“No woe” is Hannah Gadsby’s mantra and go-to throwaway line in her latest MICF offering Dogmatic, a show she claims will boast her sunnier side. But this is still the Hannah Australia knows and loves, a comic known for being disarmingly funny while musing on such light fare as homophobic violence and depression. So even though Dogmatic, with its liberal sprinkling of gently funny anecdotes, pup videos and pop songs, marks something of a thematic departure for the comedian and actor, Hannah has still put plenty of her heart into the show, too. There are serious themes snuck in with the spoonful of sugar of her humour, enough to warrant the inclusion of Lifeline and BeyondBlue’s contact details on the big screen behind her for the second year in a row. And like in previous years, it’s the heart on Hannah’s sleeve that sets her apart; in a style reminiscent of American comedian Tig Notaro, she’s often at her best when juggling the heartbreaking and the hilarious.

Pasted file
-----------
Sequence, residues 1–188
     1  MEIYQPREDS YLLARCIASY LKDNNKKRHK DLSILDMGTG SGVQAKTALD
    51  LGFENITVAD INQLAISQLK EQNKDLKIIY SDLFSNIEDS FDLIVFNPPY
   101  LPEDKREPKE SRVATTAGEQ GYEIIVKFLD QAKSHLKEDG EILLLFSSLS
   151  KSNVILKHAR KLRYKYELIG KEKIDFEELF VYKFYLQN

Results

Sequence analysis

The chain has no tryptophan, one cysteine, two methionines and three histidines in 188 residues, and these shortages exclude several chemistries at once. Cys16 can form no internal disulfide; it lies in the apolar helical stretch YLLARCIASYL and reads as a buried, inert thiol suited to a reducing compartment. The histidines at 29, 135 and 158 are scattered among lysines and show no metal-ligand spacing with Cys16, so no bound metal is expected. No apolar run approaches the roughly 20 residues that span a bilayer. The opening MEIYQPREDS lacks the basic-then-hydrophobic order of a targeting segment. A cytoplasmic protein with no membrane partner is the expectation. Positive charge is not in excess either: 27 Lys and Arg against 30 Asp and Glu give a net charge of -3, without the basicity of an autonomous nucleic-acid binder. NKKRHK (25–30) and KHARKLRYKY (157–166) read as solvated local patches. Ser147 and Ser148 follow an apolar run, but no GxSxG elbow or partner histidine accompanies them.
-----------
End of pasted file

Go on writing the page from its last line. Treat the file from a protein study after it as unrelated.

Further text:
Hannah’s admitted lack of commitment to staying merry is mirrored by Dogmatic’s always amusing but scattershot structure. It’s an enjoyable show throughout, certainly, and can be sort of divided into two acts loosely tied together with the aforementioned dog videos and a shoestring-budget reproduction of Taylor Swift’s 1989 tour. The first half sees Hannah mostly skirting around heavy drama to tell the kind of tales that are the bread and butter of stand-ups; run-ins with bizarre, conspiracy theory-believing American southerners, reminiscences of embarrassing but well-meaning parents, budding romances interrupted by misbehaving dogs. Even when not leaping over the bar of riotous hilarity she’s set in previous years, Dogmatic’s first half is engaging and consistently funny, and Hannah has an almost instinctive ability to provoke laughs with the slightest shimmy of her body or seemingly unimportant mutter. What’s also important is the person she reveals through these stories; a genuine outsider and underdog (d’you get it? underdog?) who learned to be funny to navigate her alien existence, and remained earnestly who she was until the world suddenly embraced her.